Two Types of Mastermind Clarifying Questions
The Success Alliance


Two Types of Mastermind Clarifying Questions

Two Types of Clarifying Questions

By Karyn Greenstreet

There seems to be confusion about what’s a legitimate clarifying question to ask during a mastermind Hot Seat. In reality, there are two types of clarifying questions.

  1. Questions you ask directly after the Preamble so everyone is clear about what help the member is requesting
  2. Questions asked during the masterminding, to dig deeper and understand the entire situation

What’s the difference?

What’s the distinction between Preamble clarifying questions and Masterminding clarifying questions?

  • The first type of clarifying question happens directly after the Preamble. The member in the Hot Seat defines his Ultimate Question and shares his Backstory. Then, all the members (including the Facilitator) ask clarifying questions to make sure they understand the Ultimate Question. This is not the time for a fact-finding mission into the depths of the jungle! Instead, the purpose of these clarifying questions is to make sure you understand what help is being requested. Is there anything in the Ultimate Question that’s confusing? Is it clear what type of help the member wants and needs?
  • The second type of clarifying question is used during the masterminding and brainstorming portion of the Hot Seat. Sometimes we need to know more about their situation, or what they’ve already thought about or already tried. We need to understand their goals, and why this problem is arising now. We are seeking deeper information, historical context, motivation, challenges, limiting beliefs, vision, and values.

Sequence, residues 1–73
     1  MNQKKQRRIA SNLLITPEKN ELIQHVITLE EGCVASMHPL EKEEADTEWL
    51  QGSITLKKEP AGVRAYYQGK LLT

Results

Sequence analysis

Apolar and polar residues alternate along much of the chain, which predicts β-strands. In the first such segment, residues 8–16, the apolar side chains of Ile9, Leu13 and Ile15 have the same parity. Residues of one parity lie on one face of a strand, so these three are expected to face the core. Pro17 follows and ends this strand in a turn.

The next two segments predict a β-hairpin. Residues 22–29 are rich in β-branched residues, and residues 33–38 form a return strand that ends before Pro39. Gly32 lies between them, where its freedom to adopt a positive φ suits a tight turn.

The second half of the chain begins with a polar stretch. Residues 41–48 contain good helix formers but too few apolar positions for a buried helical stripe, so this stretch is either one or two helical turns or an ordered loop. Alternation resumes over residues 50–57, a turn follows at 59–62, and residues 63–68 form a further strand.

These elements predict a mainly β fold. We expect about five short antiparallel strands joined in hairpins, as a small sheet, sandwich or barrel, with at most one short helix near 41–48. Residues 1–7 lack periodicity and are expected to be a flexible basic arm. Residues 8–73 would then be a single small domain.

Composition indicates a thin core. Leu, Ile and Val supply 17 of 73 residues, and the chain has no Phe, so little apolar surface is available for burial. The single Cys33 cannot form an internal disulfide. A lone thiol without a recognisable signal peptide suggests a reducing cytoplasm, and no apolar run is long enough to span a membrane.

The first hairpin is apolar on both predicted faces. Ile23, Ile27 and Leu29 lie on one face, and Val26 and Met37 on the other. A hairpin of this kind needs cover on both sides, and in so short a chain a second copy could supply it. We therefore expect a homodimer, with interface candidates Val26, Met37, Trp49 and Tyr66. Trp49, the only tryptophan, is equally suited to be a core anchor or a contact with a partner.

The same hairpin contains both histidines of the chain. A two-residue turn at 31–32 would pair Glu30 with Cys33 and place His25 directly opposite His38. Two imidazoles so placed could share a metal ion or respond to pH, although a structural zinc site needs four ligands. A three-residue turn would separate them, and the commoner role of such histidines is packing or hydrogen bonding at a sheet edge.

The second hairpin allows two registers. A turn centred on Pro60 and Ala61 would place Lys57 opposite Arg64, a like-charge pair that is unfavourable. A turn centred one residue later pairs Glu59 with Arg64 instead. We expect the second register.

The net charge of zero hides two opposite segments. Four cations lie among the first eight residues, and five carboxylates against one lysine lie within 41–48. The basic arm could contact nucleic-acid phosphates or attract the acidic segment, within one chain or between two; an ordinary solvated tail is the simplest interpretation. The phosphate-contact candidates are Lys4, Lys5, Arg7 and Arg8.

Let me share an example

Joe comes to his Hot Seat with this Ultimate Question and Backstory:

How much should I limit who can be in my mastermind group?

My first mastermind group didn’t seem focused enough and people didn’t feel compelled to join it. The more I learn about mastermind groups, the more I see that facilitators have a background of skills and knowledge that they use to focus their groups around specific topics or specific goals. I have a background both as a business owner for many years and many personal growth topics I’ve studied, so I could use any of those topics for my next mastermind group and make it more focused.

A million possible clarifying questions spring to mind

There is so much more we’d like to know about Joe so we can help him! We’re just itching to ask questions!

Here’s where the distinction between the Preamble clarifying question and the Masterminding clarifying questions becomes apparent.

Look at this list below; which questions will help in understanding what help he needs from the group, and which questions will give you deeper insight into Joe’s situation?

  • What type of business did you own? (MASTERMINDING – gathering historical information)
  • How long have you been in business? (MASTERMINDING – gathering historical information)
  • Joe, are you asking “Should I limit the focus of my mastermind group?” or are you asking, “I plan to limit the focus of my mastermind group — how tight should the focus be?” (PREAMBLE – This is the perfect type of question to ask directly after the Preamble so that we can understand what Joe is asking from the group. We need to know if he’s already made the decision to narrow the focus/topic of his groups and wants to talk about the next step, or if he needs help deciding if he actually should narrow the focus.)
  • Are you really asking us who is right for your group? Your original Ultimate Question was “How much should I limit who can be in my mastermind group?” but I’m not sure if you’re asking about who your prospective members should be, or if you’re asking about the topic of your group? (PREAMBLE – Joe did pose his Ultimate Question in a way that could be interpreted as him asking about who should or should not be in his group. But his Backstory implied the problem was in the topic of his mastermind group. So, his Ultimate Question didn’t clearly reflect which was most important to him.